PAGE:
Another quick update from Antarctica today, where a few more skiers have finally launched their expeditions to the South Pole. After waiting out poor weather in Punta Arenas last week, a number of adventurers and explorers flew to Union Glacier this past weekend. Earlier today, they were airlifted over to Hercules Inlet, the traditional starting point for most South Pole sojourns. Now, they’re underway at last, providing us with a chance to follow along on their adventure.
Amongst those dropped on the ice today is Brit Wendy Searle. She’s attempting to set a new speed record for skiing to the South Pole and is hoping to cover the 720 mile (1158 km) distance in less than 39 days. Apparently, she was dropped of along with four others and after a short delay, they were all on their way. One of those groups is being guided by polar explorer Ryan Waters, while the other is solo skier Neil Hunter.
Wendy has rebased just a brief update so far, but Hunter has given us more information in his first dispatch. He says that everyone set off with a lot of excitement, but as is typical on day 1, no one skied all that far. He put in just two miles, while the guided group stopped sooner than that. Unsurprisingly, Searle pushed on a ahead, already watching the clock for that speed record. Hunter says that he is pretty tired after just a half-day of pulling his sled, but after taking two weeks off from his training while traveling from the U.K. and waiting in Punta Arenas, he isn’t surprised by this result. The plan is to add more mileage tomorrow and in they days ahead, until he is eventually skiing 10 hours per day.
Finally, Aussie Geoff Wilson has been out on the ice for a couple of weeks already and is making progress where he can. His weather forecast indicates that a major storm his heading his way, so he got up at midnight, left his tent, and continued on towards toe Pole of Inaccessibility, his first stop on the way to the South Pole. It was a rough start, with plenty of sastrugi slowing him down, but before long he had a magical moment out on the ice. At long last, the surface smoothed out, things improved, and the kite he was using allowed him to make good time. At that same moment, ice crystals hanging in the air glistened above him, making it a sublime experience to say the least. Wilson reports that it didn’t last long however, as a snow storm descended upon him. He’s currently 533 km (331 miles) to the POI, so still plenty of distance to go. Weather permitting, he hopes to reach that point early next week.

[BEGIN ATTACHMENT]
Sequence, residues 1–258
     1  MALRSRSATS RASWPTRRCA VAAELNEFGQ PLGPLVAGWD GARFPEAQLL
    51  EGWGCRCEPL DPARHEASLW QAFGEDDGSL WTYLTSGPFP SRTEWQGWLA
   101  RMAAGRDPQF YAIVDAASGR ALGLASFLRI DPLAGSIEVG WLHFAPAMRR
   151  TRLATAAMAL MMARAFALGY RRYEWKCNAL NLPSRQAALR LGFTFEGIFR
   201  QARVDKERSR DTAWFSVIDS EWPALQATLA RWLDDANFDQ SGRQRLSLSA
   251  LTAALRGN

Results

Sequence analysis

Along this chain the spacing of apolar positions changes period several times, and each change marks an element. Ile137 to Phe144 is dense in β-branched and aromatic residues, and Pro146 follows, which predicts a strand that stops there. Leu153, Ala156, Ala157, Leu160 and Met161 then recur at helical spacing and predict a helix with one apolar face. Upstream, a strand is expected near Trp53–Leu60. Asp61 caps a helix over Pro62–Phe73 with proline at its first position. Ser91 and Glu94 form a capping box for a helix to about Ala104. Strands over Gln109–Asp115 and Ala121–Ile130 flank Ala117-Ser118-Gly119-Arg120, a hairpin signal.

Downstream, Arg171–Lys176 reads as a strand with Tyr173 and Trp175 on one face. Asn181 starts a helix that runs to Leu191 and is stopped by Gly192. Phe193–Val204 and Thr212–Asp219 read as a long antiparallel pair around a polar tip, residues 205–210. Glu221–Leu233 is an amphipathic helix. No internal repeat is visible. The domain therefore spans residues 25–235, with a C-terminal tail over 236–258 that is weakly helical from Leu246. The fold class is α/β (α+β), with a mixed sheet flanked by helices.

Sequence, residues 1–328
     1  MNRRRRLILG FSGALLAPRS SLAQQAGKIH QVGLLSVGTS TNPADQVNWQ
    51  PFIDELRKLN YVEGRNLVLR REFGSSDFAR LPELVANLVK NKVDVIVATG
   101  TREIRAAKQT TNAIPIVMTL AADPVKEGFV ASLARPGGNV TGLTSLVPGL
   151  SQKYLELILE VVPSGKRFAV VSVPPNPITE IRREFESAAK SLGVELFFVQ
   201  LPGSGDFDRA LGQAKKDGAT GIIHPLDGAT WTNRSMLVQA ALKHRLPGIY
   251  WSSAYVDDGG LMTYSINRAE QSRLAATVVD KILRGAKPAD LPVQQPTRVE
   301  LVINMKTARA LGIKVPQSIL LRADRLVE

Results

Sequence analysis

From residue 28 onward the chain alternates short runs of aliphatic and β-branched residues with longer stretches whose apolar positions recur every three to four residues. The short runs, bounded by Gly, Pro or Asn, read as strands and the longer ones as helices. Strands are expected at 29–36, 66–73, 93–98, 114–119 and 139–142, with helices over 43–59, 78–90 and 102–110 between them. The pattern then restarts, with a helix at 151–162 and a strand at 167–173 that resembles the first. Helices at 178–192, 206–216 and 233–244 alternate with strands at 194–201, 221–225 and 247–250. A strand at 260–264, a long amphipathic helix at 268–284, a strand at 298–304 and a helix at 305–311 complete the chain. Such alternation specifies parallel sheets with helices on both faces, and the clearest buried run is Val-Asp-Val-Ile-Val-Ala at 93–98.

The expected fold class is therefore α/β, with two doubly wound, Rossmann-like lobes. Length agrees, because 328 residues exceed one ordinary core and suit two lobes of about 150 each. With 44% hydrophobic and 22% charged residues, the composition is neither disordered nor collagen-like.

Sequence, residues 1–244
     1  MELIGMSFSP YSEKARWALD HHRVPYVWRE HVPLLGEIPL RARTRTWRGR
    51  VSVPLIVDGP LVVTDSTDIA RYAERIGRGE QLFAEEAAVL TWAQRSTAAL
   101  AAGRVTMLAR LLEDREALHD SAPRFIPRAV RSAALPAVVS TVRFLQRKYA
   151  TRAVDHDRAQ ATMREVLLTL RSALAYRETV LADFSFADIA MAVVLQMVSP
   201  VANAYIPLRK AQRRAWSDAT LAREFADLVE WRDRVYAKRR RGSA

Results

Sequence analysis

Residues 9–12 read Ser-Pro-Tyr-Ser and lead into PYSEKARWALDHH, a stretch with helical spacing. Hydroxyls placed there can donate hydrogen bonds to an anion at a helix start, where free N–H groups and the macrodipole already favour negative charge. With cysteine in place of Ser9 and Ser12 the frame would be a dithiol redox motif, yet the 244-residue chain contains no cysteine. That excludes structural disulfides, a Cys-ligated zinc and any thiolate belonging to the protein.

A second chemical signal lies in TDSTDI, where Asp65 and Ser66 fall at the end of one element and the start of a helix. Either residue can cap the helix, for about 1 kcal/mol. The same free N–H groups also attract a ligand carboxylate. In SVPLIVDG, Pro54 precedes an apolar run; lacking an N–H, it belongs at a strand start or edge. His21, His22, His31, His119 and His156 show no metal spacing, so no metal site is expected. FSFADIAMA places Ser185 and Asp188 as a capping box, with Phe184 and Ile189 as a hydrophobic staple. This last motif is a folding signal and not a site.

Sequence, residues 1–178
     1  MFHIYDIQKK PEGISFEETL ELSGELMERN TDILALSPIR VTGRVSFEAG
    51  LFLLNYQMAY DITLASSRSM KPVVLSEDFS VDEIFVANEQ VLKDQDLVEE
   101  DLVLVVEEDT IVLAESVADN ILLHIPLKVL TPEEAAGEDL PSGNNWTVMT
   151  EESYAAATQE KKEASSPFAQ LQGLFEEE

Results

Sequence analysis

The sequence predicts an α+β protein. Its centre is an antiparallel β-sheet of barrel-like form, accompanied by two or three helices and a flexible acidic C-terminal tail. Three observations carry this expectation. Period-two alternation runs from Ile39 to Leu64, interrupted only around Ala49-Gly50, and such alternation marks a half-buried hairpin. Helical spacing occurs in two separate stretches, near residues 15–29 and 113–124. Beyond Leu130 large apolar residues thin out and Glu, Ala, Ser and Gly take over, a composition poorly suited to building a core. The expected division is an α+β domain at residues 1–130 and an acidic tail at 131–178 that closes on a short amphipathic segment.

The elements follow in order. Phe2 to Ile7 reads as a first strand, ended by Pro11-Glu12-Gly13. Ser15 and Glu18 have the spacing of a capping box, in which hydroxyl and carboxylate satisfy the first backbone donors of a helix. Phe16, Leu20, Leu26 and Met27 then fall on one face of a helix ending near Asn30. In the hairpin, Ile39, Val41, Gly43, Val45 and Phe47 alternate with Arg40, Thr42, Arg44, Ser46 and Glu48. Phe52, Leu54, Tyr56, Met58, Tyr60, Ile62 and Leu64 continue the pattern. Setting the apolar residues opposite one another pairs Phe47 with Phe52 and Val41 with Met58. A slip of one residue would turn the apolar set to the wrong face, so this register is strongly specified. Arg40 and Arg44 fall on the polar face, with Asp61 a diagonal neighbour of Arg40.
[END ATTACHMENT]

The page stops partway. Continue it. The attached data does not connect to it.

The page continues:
Even as these skiers head out, we know there are several more waiting in the wings. We’re also only about a week away from the first climbers heading to Mt. Vinson as well, so things are about to get very busy at the bottom of the world. We’ll be keeping a close eye on the progress of all of these adventurers, and more to come, in the days ahead. The 2019 Antarctic expedition season is truly just getting started.
- Controversy Continues to Surround 12-Year Old Climber on Broad Peak - August 3, 2021
- The Search for Shackleton’s Lost Ship Resumes in 2022 - July 29, 2021
- Climbers in the UK Avoid Google Maps When Picking Routes - July 27, 2021